Signs Of Trouble With Your Home’s Well Pump

Whether you purchased a property with a well already onsite or you had one drilled when you bought it, there are things you need to know about the maintenance and upkeep of the well and its components. While your well pump will give you many years of reliable service, the fact remains that it will malfunction or need replacement at some point. If you've never dealt with that before, the warning signs can be easy to overlook. If you're experiencing any of the problems below, you should call a well pump technician as soon as possible.

Sputtering Faucets

If you turn on the water only to have your faucets sputter and splash a bit, that's an indication that your well pump is struggling. It happens due to air in the system. While this is something that can occasionally happen, when it happens for a prolonged period or is happening frequently, it usually means your well pump is giving up.

Low Pressure

If your water pressure has always been pretty consistent, then it drops significantly, that often means that your pump isn't keeping up with the demand. Usually a result of general wear and tear, it will likely require that you replace the pump to resolve the problem. Make sure that the low pressure is across the entire system, though. If it's limited to one faucet, it could be a sign of a pipe leak that needs to be addressed.

Dirt In The Water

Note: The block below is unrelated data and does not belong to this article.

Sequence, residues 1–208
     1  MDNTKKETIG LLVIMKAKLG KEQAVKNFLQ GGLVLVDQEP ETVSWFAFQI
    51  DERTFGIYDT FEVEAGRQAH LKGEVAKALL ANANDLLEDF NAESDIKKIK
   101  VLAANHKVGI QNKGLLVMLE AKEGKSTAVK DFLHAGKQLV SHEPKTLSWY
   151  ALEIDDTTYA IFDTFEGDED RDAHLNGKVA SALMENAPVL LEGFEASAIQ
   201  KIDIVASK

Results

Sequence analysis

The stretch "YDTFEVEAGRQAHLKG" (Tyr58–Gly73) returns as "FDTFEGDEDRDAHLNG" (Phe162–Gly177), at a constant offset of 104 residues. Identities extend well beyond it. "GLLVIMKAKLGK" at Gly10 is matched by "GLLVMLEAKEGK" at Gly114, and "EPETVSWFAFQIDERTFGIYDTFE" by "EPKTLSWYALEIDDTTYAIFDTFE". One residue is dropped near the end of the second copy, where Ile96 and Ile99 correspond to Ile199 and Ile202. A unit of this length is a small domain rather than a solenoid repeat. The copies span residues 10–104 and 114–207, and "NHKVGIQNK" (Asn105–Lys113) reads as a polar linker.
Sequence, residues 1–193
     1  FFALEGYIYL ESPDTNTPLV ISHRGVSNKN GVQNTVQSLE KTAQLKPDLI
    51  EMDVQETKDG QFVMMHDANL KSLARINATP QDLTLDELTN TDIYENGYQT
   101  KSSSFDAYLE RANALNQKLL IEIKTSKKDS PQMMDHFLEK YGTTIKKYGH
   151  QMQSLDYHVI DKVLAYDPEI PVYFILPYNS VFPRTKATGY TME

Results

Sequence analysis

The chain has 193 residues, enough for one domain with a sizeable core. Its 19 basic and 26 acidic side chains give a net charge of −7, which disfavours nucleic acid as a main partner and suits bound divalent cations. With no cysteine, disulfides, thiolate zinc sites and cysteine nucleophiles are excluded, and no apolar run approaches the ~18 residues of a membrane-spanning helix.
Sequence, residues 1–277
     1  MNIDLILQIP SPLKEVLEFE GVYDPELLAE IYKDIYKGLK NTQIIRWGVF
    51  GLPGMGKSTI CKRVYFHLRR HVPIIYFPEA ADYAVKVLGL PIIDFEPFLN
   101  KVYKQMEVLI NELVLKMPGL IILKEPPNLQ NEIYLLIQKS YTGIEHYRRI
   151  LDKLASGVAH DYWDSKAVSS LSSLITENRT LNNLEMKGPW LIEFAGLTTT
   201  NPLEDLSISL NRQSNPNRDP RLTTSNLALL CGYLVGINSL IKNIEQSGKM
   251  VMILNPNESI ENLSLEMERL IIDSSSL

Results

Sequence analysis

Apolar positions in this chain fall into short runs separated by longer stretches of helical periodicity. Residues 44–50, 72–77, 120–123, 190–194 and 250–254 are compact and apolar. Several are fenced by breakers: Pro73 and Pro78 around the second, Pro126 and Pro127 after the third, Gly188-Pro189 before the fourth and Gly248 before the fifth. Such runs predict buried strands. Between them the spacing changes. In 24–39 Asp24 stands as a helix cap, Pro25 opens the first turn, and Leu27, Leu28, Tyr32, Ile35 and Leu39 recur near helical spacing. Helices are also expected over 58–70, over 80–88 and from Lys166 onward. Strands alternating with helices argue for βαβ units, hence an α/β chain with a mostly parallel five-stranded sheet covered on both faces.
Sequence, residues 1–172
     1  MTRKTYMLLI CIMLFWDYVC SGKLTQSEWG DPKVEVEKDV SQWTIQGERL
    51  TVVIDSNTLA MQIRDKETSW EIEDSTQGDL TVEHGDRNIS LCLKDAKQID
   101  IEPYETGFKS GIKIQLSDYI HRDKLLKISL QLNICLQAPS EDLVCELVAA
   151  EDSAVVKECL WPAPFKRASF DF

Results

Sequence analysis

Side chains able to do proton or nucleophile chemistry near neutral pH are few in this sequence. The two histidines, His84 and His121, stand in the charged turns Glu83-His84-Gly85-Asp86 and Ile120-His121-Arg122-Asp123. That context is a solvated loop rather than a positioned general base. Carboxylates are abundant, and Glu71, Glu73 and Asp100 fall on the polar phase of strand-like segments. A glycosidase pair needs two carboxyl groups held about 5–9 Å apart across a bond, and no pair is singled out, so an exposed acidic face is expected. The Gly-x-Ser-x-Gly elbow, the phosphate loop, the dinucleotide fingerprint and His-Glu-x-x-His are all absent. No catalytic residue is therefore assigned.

If you're seeing dirt in the water, that's an indication of a couple of problems. First, dirt in the water usually means that either the pump was placed too far down, or the water level is getting low. However, dirt in the water also means that you have dirt in the pump. The dirt particles can cause significant wear and tear on the pump, which may result in complete pump failure.

Short-Cycling Pump

If your well pump is short-cycling, that means it's running for a minute or so and turning off, just to repeat the process. While it may not seem like a really big deal, the truth is that it can cause a lot of wear and tear on the pump. Eventually, it can burn out the motor and lead to a complete well pump failure.

If you have any reason to question the integrity of your well pump, call a technician right away. It's better to be proactive and watch for signs of trouble than to be faced with a completely failed pump and no water in your home. For more information, contact a company like Jamison  Well Drilling Inc.


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